Gela - Castelluccio
Castelluccio is first mentioned as a place in 1143 when Count Simon
Vasto of Butera
land here to the abbot of St Nicholas. Such a name implies a
fortification, however inconclusive excavations in the 1990s only
returned ceramics dating back to the fourteenth century. Much earlier in 836, the Arabs captured and lost a site called Qastaliasali, which just might be Castelluccio or Castel di Lucio in the north.
the fall of the lords of Butera in the 1160/61 rebellions against King William
(d.1166) it is to be presumed that the castle was resumed by the
Crown. In 1230/33 Frederick II (d.1250) refounded Gela as Eraclea or Terranuova
it was called such until it assumed Gela once more in 1297. In
1254 Eraclea rebelled against Peter Ruffo of Messina (d.1256+).
The name Eraclea does not seem to have covered the castle as in 1296 the fee
passed from the Crown to Eleanor Plantagenet (d.1297), the widow of
King Alphonso III (d.1291), as Castellucci. In 1314 the Sicilian
parliament met here, but in 1325 Gela, as Terranova, fell to the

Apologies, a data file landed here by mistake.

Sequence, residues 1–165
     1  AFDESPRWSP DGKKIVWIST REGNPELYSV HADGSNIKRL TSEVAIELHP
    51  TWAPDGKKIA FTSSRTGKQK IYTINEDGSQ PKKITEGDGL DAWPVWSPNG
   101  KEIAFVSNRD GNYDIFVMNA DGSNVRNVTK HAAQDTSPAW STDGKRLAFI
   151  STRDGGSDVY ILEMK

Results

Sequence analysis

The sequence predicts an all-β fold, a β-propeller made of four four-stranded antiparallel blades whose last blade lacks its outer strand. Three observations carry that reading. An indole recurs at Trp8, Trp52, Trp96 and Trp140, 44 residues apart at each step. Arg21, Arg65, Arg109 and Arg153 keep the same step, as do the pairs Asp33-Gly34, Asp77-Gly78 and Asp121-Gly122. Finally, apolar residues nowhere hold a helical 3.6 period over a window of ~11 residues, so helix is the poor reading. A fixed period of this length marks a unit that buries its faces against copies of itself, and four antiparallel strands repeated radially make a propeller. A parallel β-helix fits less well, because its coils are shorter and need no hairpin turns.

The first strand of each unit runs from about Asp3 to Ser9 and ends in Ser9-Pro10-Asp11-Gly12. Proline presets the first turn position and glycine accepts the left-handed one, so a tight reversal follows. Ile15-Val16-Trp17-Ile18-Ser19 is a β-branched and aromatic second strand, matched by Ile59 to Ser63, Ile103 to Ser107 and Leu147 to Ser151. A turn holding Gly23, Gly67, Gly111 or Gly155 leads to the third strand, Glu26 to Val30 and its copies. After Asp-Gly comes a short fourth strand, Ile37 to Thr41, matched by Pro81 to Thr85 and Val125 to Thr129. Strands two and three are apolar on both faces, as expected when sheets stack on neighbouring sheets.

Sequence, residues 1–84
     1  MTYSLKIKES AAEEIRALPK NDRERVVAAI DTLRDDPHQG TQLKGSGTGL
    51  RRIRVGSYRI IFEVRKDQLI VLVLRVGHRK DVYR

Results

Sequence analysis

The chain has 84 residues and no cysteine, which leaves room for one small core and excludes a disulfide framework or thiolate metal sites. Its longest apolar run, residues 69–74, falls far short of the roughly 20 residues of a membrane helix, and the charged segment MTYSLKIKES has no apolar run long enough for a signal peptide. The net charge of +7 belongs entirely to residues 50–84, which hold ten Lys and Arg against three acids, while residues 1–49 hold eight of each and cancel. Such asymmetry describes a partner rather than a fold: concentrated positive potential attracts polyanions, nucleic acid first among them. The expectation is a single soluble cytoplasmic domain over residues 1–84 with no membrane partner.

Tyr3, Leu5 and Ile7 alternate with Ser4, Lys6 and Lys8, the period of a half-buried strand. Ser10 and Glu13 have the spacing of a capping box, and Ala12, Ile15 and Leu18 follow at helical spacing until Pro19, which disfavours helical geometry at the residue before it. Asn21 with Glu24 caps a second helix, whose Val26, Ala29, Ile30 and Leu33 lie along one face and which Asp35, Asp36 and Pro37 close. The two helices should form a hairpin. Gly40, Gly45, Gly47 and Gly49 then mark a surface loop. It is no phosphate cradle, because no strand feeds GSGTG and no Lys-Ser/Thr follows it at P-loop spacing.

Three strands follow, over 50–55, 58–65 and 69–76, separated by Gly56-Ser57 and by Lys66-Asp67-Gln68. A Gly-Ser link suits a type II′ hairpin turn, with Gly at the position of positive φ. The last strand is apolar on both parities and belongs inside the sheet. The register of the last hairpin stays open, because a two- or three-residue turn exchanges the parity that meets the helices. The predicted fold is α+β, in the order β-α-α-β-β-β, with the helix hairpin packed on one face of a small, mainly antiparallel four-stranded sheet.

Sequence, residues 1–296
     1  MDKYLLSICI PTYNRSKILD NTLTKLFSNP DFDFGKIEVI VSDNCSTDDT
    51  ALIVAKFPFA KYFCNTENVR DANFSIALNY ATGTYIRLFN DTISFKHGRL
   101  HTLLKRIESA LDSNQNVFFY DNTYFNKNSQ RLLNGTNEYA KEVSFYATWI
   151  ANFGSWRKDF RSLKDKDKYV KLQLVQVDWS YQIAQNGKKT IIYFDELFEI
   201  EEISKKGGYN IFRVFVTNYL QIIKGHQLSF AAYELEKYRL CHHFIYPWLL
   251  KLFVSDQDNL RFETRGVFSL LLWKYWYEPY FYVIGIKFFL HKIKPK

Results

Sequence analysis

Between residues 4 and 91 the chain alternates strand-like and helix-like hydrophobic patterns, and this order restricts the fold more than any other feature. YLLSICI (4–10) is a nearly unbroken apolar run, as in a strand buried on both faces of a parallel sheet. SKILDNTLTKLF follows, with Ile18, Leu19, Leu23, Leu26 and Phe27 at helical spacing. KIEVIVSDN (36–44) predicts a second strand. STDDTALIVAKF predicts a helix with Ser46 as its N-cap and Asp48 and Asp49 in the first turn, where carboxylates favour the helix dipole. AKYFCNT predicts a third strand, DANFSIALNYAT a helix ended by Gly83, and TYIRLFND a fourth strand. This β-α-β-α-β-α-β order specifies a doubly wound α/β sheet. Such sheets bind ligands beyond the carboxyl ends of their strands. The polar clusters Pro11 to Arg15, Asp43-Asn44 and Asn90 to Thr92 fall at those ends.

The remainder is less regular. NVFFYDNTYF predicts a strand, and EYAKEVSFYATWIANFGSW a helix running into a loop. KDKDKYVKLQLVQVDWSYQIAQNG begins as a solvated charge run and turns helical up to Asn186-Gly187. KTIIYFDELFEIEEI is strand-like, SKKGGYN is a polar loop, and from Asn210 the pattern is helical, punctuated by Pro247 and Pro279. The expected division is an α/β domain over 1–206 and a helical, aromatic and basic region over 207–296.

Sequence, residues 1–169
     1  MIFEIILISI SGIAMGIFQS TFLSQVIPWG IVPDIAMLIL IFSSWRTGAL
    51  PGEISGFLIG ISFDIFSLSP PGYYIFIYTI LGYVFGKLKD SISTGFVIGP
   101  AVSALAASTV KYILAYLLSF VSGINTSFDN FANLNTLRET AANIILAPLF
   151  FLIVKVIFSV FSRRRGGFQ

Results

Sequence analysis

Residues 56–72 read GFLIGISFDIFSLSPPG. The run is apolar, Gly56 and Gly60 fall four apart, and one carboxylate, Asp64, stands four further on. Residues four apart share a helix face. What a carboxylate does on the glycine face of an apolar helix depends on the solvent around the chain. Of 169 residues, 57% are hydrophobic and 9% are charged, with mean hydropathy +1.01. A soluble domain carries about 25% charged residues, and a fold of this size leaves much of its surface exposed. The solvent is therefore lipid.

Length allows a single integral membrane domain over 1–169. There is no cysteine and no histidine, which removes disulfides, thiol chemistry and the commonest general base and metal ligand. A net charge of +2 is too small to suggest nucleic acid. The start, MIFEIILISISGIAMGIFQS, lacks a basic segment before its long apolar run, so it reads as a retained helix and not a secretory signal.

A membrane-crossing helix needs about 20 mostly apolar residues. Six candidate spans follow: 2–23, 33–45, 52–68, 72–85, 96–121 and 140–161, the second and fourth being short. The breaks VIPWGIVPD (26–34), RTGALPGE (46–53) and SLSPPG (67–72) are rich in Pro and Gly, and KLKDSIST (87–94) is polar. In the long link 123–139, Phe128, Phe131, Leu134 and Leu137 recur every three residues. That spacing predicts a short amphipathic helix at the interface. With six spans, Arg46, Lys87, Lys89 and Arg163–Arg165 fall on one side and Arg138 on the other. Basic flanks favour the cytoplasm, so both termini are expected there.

Angevins. By 1330 it was back in the hands of the queen.
The castle was certainly standing a little before the 1348/50 siege of
Terranova by the Aragonese as it is reported as damaged in the
fighting. It may have been held by Anselm Moach at this
time. Castelluccio was mentioned again in 1364 when it was
granted by King Frederick IV
(d.1377) to Perollo Mohac. At the end of the century King Martin
granted it to Richard Impanella, while around 1500 it was badly damaged
by fire. Soon after it was extended and raised in height,
fossilizing the old battlements in the new work. It was again
abandoned, possibly due to the earthquake of 1542. Finally the
east tower collapsed around 1930 and the castle was bombarded during
the Sicily landings of 10 July 1943.
The castle tops an outcrop of chalky rock some 5 miles north of the
ancient acropolis of Gela and commands the intersection of the roads
leading to Piazza Armerina,
Butera and Mazzarino.
The fortress consists of a hall block with 2 square towers at either
end. The western tower is offset to the south to make room
for a Romanesque entrance arch. The eastern tower is
central. A turret to the southeast has been rebuilt from the ground
up in 1993. The west tower has a cistern in its basement and
a garderobe to the south, which, with the positioning of the castle
entrance, may explain its offset and slight projection beyond the
southern enceinte. The whole is rubble built, with thin
levelling courses and fine ashlar quoining at the corners.
The large windows in the main block to north and south are Romanesque,
although there are other simple loops in the same wall.
Why not join me at other Sicilian
castles? Information on this and other tours can be found at Scholarly
Paul Martin Remfry